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President Donald Trump suggested last year that Geoffrey Berman, the U.S. attorney in Manhattan, take charge of a criminal investigation into hush money payments made to two alleged sexual partners of Trump, despite the fact that the prosecutor was already recused from being involved in that case, a new report says.
The New York Times also reported Tuesday that House Democrats are examining whether former acting Attorney General Matthew Whitaker perjured himself by telling a congressional committee this month that Trump never pressured him about various investigations — including the Manhattan federal probe into hush money payments.
The White House and the Justice Department had no immediate comment on the Times article, which was headlined, "Intimidation, Pressure and Humiliation: Inside Trump's Two-Year War on the Investigations Encircling Him."
Trump, in an Oval Office press event Tuesday, denied the anecdote about asking Whitaker if Berman could take over the hush money probe.
"No, not at all, I don't know who gave you that," Trump said. "That's more fake news."
Berman is a former legal partner of Rudy Giuliani, one of Trump's outside attorneys in the special counsel's Russia probe.
The wide-ranging article from the Times says that Trump spoke with Whitaker in late 2018 about the ongoing probe in Manhattan into claims that the president directed his former personal lawyer Michael Cohen to facilitate payments to two women shortly before the 2016 presidential election.
Cohen said last year that he paid porn star Stormy Daniels and had the publisher of the National Enquirer pay Playboy model Karen McDougal at Trump's behest to keep them quiet about their alleged sexual trysts with him a decade earlier. The intent, according to Cohen, was to keep the stories from affecting the outcome of the presidential election. Trump has denied Cohen's claims, and also denied having sex with either woman.
Cohen's confession came in connection with his guilty plea to violating campaign finance laws by facilitating the payments, which were not disclosed by the Trump campaign as a benefit to the campaign.
Cohen is set to begin serving a three-year prison term next month for those and other crimes.
The U.S. Attorney's Office for the Southern District of New York, which is headquartered in Manhattan, has continued to investigate the payments. The case is considered to be a potential serious legal threat to Trump.
The Times, citing what it said are "several American officials," reported that in late 2018 Trump called Whitaker and asked whether Berman could be put in charge of the probe.
According to the report, Whitaker had told some of his associates that part of his job was to "jump on a grenade" for Trump, but knew he could not put Berman in charge of the case because he was already was recused from the case.
Trump, the Times said, then "soured" on Whitaker, "and complained about his inability to pull levers at the Justice Department that could make the president's many legal problems go away."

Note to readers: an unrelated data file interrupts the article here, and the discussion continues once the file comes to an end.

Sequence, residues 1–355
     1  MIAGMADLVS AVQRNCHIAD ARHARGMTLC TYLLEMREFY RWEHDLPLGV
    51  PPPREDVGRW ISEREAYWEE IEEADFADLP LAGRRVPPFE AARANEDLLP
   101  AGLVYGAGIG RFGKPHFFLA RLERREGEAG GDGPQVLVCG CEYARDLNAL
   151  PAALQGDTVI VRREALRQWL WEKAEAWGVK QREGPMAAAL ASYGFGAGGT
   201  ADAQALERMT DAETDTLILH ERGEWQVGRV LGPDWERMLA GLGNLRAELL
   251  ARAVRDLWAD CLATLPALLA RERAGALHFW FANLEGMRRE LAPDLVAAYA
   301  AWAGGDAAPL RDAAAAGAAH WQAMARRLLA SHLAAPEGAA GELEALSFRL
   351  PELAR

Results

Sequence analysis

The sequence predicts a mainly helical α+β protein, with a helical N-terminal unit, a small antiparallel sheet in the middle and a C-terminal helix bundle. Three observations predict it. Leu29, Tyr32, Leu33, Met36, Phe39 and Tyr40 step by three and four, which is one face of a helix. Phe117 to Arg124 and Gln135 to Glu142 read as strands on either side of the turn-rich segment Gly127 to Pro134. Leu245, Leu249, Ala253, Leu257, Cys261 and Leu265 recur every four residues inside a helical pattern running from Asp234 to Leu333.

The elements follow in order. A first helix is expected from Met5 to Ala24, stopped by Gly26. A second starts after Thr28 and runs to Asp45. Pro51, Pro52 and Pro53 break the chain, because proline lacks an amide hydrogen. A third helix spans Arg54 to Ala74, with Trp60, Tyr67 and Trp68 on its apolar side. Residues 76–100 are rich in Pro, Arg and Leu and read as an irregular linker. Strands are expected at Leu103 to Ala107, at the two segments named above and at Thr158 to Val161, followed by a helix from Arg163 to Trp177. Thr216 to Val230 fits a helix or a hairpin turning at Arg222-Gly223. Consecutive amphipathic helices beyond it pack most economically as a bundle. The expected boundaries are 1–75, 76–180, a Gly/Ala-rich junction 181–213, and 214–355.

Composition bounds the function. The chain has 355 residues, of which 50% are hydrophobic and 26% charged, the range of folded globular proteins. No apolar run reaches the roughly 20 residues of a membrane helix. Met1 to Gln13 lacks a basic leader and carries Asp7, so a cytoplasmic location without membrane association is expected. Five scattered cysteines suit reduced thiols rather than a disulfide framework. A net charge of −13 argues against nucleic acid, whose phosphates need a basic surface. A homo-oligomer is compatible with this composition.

The president told reporters on Tuesday that the idea he had soured on Whitaker also was not true.
He said he has a "very good" relationship with Whitaker, who remains in a top Justice Department counselor position after the confirmation last week of William Barr as attorney general.
Berman has not said why he was recused from the hush money case before FBI agents raided Cohen's office and residences in New York in April 2018. But recusals are routinely made by lawyers and judges to prevent a conflict of interest or even an appearance of a conflict of interest.
In the case of Cohen, Berman was recused by senior Justice Department officials.
Berman, besides being a former law partner of Giuliani's, was personally interviewed by Trump before the president put him in charge of the Manhattan U.S. attorney's office.
Sen. Kirsten Gillibrand, a Democrat from New York who is now running for president, condemned Berman's appointment at the time. "Deeply disturbing considering the conflicts of interest inherent by his potential jurisdiction on matters that could affect the president personally," she said.
Because of Berman's recusal, the probe into Cohen, as well as the ongoing investigation of the hush money payments, has been headed by Berman's deputy, Robert Khuzami.
However, people familiar with the cases Berman has brought said that his office's investigation into the Trump inaugural committee is being pursued under his direction, according to NBC News.
The Manhattan federal probe is distinct from the ongoing federal investigation by special counsel Robert Mueller into Russian interference in the 2016 presidential election, and possible collusion by the Trump campaign. Trump has denied any wrongdoing in all of the cases.
On Feb. 8, during testimony before the House Judiciary Committee, Whitaker had said, "At no time has the White House asked for nor have I provided any promises or commitments concerning the special counsel's investigation or any other investigation."
He added, "Since becoming acting attorney general I have run the Department of Justice with fidelity to the law and to the Constitution."